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6.003: Signals and Systems
Lecture 6
September 29, 2009
1
6.003: Signals and Systems
ContinuousTime Systems
September 29, 2009
Midterm Examination #1
Wednesday, October 7, 7:309:30pm, Walker Memorial.
No recitations on the day of the exam.
Coverage:
DT Signals and Systems
Lectures 1–5
Homeworks 1–4
Homework 4 will include practice problems for midterm 1.
However, it will not collected or graded. Solutions will be posted.
Closed book: 1 page of notes (
8
1
2
×
11
inches; front and back).
Designed as 1hour exam; two hours to complete.
Review sessions during open oﬃce hours.
Conﬂict? Contact freeman@mit.edu before Friday, October 2, 5pm.
Multiple Representations of DiscreteTime Systems
We have developed several useful representations for DT systems.
Verbal descriptions:
preserve the rationale.
“To reduce the number of bits needed to store a sequence of
large numbers that are nearly equal, record the ﬁrst number,
and then record successive diﬀerences.”
Diﬀerence equations:
mathematically compact.
y
[
n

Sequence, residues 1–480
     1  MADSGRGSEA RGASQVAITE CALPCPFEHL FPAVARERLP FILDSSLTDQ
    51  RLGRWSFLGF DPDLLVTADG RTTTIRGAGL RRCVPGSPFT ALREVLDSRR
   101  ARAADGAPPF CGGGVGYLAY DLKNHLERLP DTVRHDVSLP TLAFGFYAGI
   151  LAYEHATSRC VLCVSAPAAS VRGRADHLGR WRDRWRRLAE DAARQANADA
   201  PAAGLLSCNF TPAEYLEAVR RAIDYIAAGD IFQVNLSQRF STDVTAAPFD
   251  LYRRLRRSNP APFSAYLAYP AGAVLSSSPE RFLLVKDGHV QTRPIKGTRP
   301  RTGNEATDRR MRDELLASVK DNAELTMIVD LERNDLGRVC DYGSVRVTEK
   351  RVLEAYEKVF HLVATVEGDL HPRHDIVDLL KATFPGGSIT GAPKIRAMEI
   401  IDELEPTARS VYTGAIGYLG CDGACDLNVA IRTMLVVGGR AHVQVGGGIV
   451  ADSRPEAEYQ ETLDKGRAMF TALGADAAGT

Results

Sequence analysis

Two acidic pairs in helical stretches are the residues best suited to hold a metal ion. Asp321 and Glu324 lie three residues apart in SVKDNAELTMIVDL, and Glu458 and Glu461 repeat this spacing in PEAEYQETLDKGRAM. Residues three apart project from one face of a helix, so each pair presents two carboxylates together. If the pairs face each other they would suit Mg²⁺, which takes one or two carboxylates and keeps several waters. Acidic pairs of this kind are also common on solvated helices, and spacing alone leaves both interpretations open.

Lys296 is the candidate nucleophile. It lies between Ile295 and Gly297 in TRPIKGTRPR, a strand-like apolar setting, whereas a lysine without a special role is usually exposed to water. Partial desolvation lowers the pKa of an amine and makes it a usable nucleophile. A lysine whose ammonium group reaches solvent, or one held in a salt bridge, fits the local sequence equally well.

] =
x
[
n
]
−
x
[
n
−
1]
Block diagrams:
illustrate signal ﬂow paths.
−
1
Delay
+
x
[
n
]
y
[
n
]
Operator representations:
analyze systems as polynomials.
Y
= (1
−R
)
X
Multiple Representations of ContinuousTime Systems
Today we start to develop similarly useful representations for CT.
Representing ContinuousTime Systems
As with DT systems, we begin with verbal descriptions.
Example: Leaky Tank
r
0
(
t
)
r
1
(
t
)
h
1
(
t
)
Verbal descriptions
of continuoustime systems typically specify
relations among signals (e.g., inputs and outputs) and their rates of
change.
“Water ﬂows into a tank at rate
r
0
(
t
)
and ﬂows out at a rate
proportional to the depth of water in the tank. Determine .
..”
Representing ContinuousTime Systems
Translate the verbal description into
diﬀerential equations.
r
0
(
t
)
r
1
(
t
)
h
1
(
t
)
Assume
r
1
(
t
)
∝
hydraulic pressure at the bottom of the tank:
r
1
(
t
)
∝
ρgh
1
(
t
)
Height
h
1
(
t
)
will grow in proportion to
r
0
(
t
)
−
r
1
(
t
)
:
˙
h
1
(
t
)
∝
r
0
(
t
)
−
r
1
(
t
)
Combining ﬁrst equation with second:
˙
r
1
(
t
)
∝
˙
h
1
(
t
)
∝
r
0
(
t
)
−
r
1
(
t
)
→
˙
r
1
(
t
) =
α
(
r
0
(
t
)
−
r
1
(
t
)
)
Derivatives play key role in CT, analogous to time shifts in DT.
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Lecture 6
September 29, 2009
2
Check Yourself
˙
r
1
(
t
) =
α
(
r
0
(
t
)
−
r
1
(
t
)
)
r
0
(
t
)
r
1
(
t
)
h
1
(
t
)
What are the dimensions of
α
?
Charactering Responses of CT Systems
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 Spring '11
 DennisM.Freeman

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